“The Easter experience in the New Testament,…is not about bodies walking out of graves.  It is far more profound than that.  It is about God being in human life.” (Spong. 2018. P.188) In referring to God, we don’t mean a supernatural, invasive God who violates the laws of nature in order to enter time and space.  Rather, this is the God whose presence and power calls us into our essential oneness, with each other and all of creation; who calls us to live from a place of our universal consciousness, and deep interconnectedness.  Through the Easter experience, we come to know ourselves as part of God.   This Creating One is not a noun whom we obsessively try to define.  This Ever – Creating One is a verb, and we are invited to live within that creative, life-giving energy.  This is what Resurrection calls us to.

The gospel of Luke was written after Mark and Matthew, around the year 70 AD.  Luke draws upon those writings.  However, in contrast to Mark and Matthew’s writings, Luke’s gospel is written more for a Gentile audience.

Let’s begin by exploring the nature of the appearances of God in scripture.

Throughout the scriptures there are stories of God appearing to people.  We have the appearance of God to Moses in the burning bush. (Ex.3:2) This story raises lots of questions.  If others were present, would they have seen the burning bush?  If Moses had had a cell phone, could he have taken a photo of the burning bush?  Is there a difference between physical sight and insight?  When Paul, who is one of the earliest writers of the Christian scriptures, posted his list of those to whom the risen Christ appeared, what did he mean?  The Greek word for “appear” was “ophthe”.  The same word used in the description of the burning bush.  It’s the same word we get the term “ophthalmology”, the science or study of seeing.  What then was the nature of these appearances of the risen Christ?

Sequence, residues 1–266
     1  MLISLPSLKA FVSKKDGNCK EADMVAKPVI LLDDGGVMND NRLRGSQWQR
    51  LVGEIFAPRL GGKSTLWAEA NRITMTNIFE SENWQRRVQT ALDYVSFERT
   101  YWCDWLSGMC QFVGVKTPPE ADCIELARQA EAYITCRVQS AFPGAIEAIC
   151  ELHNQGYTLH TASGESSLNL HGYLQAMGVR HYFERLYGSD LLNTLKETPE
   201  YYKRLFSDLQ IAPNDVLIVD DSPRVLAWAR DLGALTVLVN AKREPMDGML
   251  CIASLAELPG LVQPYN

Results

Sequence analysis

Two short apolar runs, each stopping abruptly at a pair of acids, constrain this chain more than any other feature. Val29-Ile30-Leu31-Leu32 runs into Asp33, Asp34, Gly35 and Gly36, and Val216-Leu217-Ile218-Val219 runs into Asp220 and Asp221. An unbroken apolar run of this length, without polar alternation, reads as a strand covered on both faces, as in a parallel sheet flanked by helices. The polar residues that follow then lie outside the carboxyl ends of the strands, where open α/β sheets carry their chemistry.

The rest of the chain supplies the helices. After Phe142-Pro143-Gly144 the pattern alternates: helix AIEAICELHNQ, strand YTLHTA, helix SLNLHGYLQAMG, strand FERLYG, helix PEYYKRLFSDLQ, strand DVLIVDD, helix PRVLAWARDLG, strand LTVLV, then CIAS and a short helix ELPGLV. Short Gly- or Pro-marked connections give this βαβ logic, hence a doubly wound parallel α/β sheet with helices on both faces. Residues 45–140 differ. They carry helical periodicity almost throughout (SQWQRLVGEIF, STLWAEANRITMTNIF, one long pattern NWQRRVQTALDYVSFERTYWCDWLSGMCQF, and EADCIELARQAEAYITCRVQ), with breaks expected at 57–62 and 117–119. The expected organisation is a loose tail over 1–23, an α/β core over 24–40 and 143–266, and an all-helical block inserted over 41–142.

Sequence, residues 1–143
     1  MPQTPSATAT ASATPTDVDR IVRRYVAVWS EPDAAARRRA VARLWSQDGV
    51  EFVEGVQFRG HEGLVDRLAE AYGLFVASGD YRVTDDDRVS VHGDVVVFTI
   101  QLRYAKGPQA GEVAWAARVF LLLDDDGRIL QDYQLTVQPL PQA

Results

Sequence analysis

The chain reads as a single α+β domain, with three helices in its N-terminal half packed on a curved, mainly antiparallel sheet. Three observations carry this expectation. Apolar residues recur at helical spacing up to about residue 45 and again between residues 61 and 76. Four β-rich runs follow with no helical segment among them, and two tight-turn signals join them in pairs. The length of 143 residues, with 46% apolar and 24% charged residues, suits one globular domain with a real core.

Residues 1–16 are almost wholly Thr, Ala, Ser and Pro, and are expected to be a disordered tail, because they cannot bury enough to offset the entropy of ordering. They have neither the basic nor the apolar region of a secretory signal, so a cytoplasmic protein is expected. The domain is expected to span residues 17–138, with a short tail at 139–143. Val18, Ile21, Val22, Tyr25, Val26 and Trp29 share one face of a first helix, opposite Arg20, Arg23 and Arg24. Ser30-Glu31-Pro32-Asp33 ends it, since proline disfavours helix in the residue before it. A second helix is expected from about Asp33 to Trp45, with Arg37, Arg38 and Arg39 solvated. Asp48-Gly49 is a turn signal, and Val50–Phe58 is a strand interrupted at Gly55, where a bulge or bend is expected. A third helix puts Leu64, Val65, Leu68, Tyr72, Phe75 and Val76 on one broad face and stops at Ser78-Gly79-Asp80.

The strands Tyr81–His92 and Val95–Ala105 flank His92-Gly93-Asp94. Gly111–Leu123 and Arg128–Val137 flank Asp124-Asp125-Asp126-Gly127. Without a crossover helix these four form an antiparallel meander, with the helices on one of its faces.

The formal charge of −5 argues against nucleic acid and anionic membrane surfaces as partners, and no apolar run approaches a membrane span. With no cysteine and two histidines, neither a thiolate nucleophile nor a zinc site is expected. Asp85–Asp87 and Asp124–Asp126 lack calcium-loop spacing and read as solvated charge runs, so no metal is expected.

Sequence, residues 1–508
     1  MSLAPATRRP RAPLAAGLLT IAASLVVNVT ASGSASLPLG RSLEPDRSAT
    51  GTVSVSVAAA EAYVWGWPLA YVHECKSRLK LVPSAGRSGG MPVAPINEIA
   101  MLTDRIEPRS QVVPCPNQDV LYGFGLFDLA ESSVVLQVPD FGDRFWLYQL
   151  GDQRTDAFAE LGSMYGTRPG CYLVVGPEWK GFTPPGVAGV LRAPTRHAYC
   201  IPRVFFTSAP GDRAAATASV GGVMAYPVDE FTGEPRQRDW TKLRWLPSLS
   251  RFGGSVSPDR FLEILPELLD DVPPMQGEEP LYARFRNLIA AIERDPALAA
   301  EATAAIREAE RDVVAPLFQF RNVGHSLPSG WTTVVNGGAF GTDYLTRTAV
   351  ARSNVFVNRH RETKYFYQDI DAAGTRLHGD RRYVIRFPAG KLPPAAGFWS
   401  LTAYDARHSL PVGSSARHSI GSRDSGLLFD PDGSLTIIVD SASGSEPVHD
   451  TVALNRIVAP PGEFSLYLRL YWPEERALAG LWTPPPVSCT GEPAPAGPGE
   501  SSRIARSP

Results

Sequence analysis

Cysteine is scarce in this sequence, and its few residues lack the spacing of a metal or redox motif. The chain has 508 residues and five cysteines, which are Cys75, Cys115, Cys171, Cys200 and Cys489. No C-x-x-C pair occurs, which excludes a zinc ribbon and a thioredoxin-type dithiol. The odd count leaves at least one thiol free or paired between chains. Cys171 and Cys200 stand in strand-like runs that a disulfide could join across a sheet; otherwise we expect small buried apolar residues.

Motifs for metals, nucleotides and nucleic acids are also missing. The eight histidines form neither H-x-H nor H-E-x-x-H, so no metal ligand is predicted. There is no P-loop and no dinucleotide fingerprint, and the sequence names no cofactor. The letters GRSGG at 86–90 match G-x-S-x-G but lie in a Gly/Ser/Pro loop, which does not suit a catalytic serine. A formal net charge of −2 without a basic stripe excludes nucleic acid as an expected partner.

Rather than speaking of a physical sighting of Christ, was it more of a breakthrough in consciousness that allowed people to recognize the presence of the risen Christ?  A breakthrough in thinking that speaks to new ways of seeing the world, of putting things together that have never been put together previously; new insight.  Was the experience of the resurrection of Jesus something like this?  “Did the tragedy that embraced the life of Jesus and led to his crucifixion get reinterpreted and understood in such a way that it opened doors to life never before imagined?” (Spong. 2018. 178) Once the early followers of Jesus lived through their disappointment and grief, did they eventually begin to understand and interpret the events of his life differently?  Did they have some “aha” moments where they said to themselves, “Ah, this is what Jesus meant; this is what his life was about?